Trump’s Doonbeg resort ‘did not profit’ from presidential visit

US protocol means Clare hotel had to charge ‘close to cost’ for White House entourage

Donald Trump jnr and Eric Trump  in Doonbeg, Co Clare, last month. Businesses in the village have reported a surge in interest from visitors as a result of US president Donald Trump’s June visit. Photograph: Brian Lawless/PA Wire

Donald Trump jnr and Eric Trump in Doonbeg, Co Clare, last month. Businesses in the village have reported a surge in interest from visitors as a result of US president Donald Trump’s June visit. Photograph: Brian Lawless/PA Wire

 

The Co Clare golf resort owned by Donald Trump was not permitted to profit from rooms taken by the presidential entourage during his visit last month, the resort’s manager has said.

Reflecting on Mr Trump’s visit one month ago, Joe Russell, managing director of Trump Doonbeg, said the resort must follow US government protocol and a strict mandate for visits by Mr Trump and his family to ensure “we do not make a profit from the presidency”.

“Rooms are all at rates that are very low to ensure that that doesn’t happen. Within the company we do have to report back on those various visits,” he said.

“As it relates to the direct business that came in, we are not permitted to profit from any business, so White House, Secret Service – any rooms like that – are all at rooms that are close to cost.”

Mr Russell put the bill for the rounds of drinks purchased by Mr Trump’s sons, Donald jnr and Eric, during their pub crawl around Doonbeg’s five bars at “above €2,000”, which, he says, was paid for by the resort.

“It came out of this business, which is ultimately coming out of their business,” he said.

The resort had seen an increase in “day callers” dropping in for tea or coffee or wanting their photograph taken with the Trump Doonbeg sign or clock at the resort but there has not yet been an increase in room bookings as a result, he said.

‘Trump bump’

“I wouldn’t say a ‘Trump bump’ just yet. It is high season – we are busy and it should be busy,” he said.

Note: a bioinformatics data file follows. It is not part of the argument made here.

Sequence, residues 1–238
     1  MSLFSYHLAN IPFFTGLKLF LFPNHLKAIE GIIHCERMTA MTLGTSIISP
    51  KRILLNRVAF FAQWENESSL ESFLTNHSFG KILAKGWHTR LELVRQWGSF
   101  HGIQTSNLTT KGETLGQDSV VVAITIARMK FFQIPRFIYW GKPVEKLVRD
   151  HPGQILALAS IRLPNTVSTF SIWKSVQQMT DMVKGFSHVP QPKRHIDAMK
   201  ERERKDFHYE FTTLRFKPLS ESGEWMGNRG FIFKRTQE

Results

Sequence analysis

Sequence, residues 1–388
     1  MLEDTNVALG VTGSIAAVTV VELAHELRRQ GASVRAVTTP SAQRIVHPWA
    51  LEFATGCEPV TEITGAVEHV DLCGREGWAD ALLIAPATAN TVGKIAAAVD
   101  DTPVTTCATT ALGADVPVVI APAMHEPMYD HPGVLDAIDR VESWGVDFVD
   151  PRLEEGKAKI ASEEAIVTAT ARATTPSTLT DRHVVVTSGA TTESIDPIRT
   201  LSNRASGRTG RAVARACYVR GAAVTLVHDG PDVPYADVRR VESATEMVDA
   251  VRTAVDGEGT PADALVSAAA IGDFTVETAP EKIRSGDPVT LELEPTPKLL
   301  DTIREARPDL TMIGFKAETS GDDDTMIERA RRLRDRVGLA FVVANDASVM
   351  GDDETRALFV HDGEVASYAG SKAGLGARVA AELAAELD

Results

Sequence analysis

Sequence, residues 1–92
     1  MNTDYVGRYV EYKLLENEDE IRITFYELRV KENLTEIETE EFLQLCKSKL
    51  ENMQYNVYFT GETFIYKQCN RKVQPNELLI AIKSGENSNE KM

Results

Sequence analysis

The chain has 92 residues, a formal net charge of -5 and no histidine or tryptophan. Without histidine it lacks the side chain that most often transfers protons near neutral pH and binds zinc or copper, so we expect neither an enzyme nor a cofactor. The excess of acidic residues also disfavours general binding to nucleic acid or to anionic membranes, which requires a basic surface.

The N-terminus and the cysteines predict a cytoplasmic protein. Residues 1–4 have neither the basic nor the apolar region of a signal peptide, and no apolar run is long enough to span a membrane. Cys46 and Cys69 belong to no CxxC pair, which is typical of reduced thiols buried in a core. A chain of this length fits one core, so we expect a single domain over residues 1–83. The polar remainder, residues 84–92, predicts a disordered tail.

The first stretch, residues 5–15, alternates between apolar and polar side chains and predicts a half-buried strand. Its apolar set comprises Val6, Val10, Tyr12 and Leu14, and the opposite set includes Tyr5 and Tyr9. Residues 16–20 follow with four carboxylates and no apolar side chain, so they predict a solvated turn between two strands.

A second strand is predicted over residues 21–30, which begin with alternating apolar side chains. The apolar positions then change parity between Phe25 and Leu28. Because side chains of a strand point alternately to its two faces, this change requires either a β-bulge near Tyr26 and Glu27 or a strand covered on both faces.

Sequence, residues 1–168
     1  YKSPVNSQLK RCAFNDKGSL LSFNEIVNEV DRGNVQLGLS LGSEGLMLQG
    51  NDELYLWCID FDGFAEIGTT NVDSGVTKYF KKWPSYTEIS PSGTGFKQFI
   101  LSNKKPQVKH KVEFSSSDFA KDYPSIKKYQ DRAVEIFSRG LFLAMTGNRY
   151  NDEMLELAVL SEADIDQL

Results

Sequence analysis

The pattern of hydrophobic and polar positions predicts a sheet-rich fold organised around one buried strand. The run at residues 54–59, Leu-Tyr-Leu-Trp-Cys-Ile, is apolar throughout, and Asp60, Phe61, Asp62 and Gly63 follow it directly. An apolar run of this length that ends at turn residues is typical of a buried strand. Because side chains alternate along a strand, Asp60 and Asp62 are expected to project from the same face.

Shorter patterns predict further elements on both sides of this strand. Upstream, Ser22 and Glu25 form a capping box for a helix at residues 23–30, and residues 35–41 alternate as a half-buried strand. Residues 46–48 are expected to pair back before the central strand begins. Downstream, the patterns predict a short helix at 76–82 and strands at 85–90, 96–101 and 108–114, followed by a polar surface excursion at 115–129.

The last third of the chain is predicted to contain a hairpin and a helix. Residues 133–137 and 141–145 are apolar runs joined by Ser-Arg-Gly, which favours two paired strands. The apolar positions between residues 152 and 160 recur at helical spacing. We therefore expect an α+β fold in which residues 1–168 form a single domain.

The resort was benefiting from an increase in business from the Irish Open golf tournament in nearby Lahinch, which finished on Sunday, and being on the Wild Atlantic Way, the popular tourist trail that runs along the west coast.

A US media report last month sourced to investigative news outlet ProPublica said that a payment of almost $11,000 (€9,752) was made by the US state department to Mr Trump’s Doonbeg resort since 2017 without saying when the specific payment was made.

Another ProPublica report said the US Secret Service paid $27,724 to Doonbeg for a visit by Eric Trump in March 2017.

Businesses in Doonbeg have reported a surge in interest from visitors as a result of Mr Trump’s visit.

Hugh McNally, owner of Morrissey’s pub, said the visit had brought welcome business and publicity at a time when the hospitality sector was struggling from last year’s four-point increase in the VAT rate and fewer British visitors as a result of Brexit.

“The Trump visit was a blessing in disguise. If we didn’t have the visit, we would be down a hell of a lot more,” he said.

Moneygall

It made Doonbeg “the most famous village in Clare, if not the wider country”, he said, likening it to the attention Moneygall enjoyed after the visit of US president Barack Obama.

“The feedback we are getting from people coming into the pub is ‘we saw you on the news’ or ‘is this one of the pubs the boys came into?’ The pub crawl has become famous,” said Mr McNally.

Another publican in the village, Tommy Tubridy, said he has had a lot of American tourists coming into his bar since the visit asking if this was one of the bars the Trump sons called to and the village the president visited.

“Tis all a great help,” he said. “It is a win-win situation.”

Tommy Comerford, whose bar was also visited on the pub crawl, said the visit “has been a help and given us higher profile” with US tourists from Pennsylvania and Ohio remarking on having seen media coverage of the Trump visit.